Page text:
mise à jour du
1 septembre 2003
Br J Pharmacol
Inhibitory effect of morphine on yawning induced by cholinoceptor and dopamine D2 receptor activation in rats
Zarrindast MR and A Jamshidzadeh
Department of pharmacology, school of medecine
Teheran University of medical sciences
Teheran Iran
Index de tous les travaux de MR Zarrindast


Introduction : Yawning is a physiological response which is associated with fatigue and recovery from stress. A number of dopamine agonists including apomorphine and bromocriptine elicited yawning behaviour in rats. It has been proposed that this behaviour is mediated via a D2 dopamine autoreceptor.
Central cholinoceptor activation by physostigmine or pilocarpine also induces yawning. The yawning induced by dopamine agonists and agents acting on cholinoceptors are inhibited by muscarinic antagonists, such as scopolamine and atropine. These studies suggest that dopamine receptor agonists induce yawning by activation of the cholinergic system. Links between acetylcholine and dopaminergic neurones have been described in the septohippocampal system and the striatum and it has been shown that stimulation and lesion of these structures affect yawning. It has also been suggested that dopamine agonists elicit yawning by stimulating dopamine D2 receptors within these structures.
Opiate interactions with both dopaminergic and cholinergic systems have been demonstrated. There appears to be a close association between opiate receptors and dopaminergic cell bodies and nerve endings in the substantia nigra and striatum. Morphine, methadone and other opiates modulate dopaminergic neurotransmission in mesolimbic and nigrostriatal projections. Opiate agonists also inhibit the release of acetylcholine in the central nervous system, an effect which is antagonized by naloxone.
In the present study, we have evaluated the effect of morphine on yawning induced by dopaminergic and cholinergic activation. [...]
Discussion :It has been proposed that yawning induced by low doses of dopamine receptor a gonists is due to activation of D2 receptors, although D1 receptors may be involved in yawning induced by apomorphine. The yawning induced by dopamine agonists appears to be mediated via a cholinergic mechanism, since it is inhibited by muscarinic receptor blockade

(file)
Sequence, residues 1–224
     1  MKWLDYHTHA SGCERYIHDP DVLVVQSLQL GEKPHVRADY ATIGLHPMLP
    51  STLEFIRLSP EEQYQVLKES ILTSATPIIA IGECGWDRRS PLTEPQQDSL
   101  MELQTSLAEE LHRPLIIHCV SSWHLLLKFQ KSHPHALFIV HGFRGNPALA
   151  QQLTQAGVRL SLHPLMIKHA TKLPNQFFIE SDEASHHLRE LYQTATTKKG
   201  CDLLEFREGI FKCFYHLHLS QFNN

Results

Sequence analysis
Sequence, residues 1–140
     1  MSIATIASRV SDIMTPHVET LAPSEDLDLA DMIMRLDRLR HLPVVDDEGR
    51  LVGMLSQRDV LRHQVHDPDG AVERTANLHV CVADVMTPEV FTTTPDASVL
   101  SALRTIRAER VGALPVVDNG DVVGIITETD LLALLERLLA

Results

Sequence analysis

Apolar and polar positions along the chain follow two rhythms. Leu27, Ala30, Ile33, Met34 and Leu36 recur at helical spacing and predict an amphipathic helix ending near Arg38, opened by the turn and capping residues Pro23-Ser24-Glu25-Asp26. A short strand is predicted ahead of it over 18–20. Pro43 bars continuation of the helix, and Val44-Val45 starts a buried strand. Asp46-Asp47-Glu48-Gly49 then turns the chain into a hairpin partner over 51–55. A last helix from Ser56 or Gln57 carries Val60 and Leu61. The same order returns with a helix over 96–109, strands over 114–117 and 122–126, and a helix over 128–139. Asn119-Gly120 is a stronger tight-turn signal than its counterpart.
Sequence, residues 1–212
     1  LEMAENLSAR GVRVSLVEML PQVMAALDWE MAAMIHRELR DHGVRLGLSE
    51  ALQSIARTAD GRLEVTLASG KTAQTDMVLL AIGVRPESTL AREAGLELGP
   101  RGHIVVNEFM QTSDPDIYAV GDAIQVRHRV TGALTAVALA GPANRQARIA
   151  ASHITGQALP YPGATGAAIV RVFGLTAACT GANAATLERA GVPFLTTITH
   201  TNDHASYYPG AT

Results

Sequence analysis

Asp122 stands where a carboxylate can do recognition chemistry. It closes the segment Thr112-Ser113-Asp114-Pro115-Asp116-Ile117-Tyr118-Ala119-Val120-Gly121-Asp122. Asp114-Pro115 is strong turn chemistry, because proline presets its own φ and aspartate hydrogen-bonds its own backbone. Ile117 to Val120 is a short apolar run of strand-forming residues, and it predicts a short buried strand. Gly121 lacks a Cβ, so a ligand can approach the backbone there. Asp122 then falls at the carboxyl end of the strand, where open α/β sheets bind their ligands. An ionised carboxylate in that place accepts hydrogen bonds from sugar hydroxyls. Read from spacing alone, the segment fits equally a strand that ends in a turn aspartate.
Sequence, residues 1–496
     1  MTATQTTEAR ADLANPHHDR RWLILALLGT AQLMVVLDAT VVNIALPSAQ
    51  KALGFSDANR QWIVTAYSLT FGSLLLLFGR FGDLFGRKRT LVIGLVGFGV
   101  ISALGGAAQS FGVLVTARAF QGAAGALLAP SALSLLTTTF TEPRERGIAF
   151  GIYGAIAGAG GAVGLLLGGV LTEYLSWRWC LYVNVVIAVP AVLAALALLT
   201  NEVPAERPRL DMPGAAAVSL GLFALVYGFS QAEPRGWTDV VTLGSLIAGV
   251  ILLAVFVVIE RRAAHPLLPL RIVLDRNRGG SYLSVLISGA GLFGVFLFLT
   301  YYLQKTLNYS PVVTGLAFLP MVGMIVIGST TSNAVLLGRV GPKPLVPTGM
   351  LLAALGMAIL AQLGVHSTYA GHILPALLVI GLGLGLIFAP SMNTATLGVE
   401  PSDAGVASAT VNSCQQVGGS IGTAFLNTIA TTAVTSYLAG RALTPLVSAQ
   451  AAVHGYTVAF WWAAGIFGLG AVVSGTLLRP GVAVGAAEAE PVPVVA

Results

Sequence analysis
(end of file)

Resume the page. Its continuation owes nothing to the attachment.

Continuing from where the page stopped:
Although dopaminergic and cholinergic interactions have been described at various anatomical sites within the brain, the locus of the interaction with respect to yawning behaviour has not been established, although it has been démonstrated that intact nigrostriatal projections are required for drugs acting on dopamine receptors to induce yawning. In the present study bromocryptine induced yawning was inhibited in a naloxonesensitive manner by morphine. Although the nigro-striatal pathway has been shown to be regulated by µ and opioid receptors in both the striatum and the substantia nigra, such a mechanism is unlikely to explain the present results since morphine in a similar dose range also inhibited cholinoceptor-mediated yawning.
Although morphine is able to inhibit the release of acetyl choline in the central nervous system in a naloxone-sensitive manner such a mechanisrn is unlikely to explain the present results since morphine was able to inhibit the yawning induced by the direct acting cholinoceptor agonist, as weil as that induced by physostiginine.
We have previously demonstrated that yawning induced by bromocriptine and physostigmine are decreased by theophyl- line (Zârrindast & Poursoltan, l989). Theophylline is an adenosine receptor antagonist and a phosphodiesterase inhibitor which increases intracellular adenosine 3',5'-cyclic monophosphate (cyclic AMP) concentrations, and may also release dopamine. However, a similar mechanism is unlikely to explain the present effects since morphine bas been reported to stimulate adenosine release.
The most likely explanation of the present findings is that morphine inhibits yawning induced by dopamine agonists and drugs acting at cholinoceptors at an opioid site downstrearn from both the dopamine receptors- and cholinoceptors. The weak but dose-dependent induction of yawning by naloxone suggests that endogenous opioids may mediate a tonic inhibitory effect on yawning behaviour.
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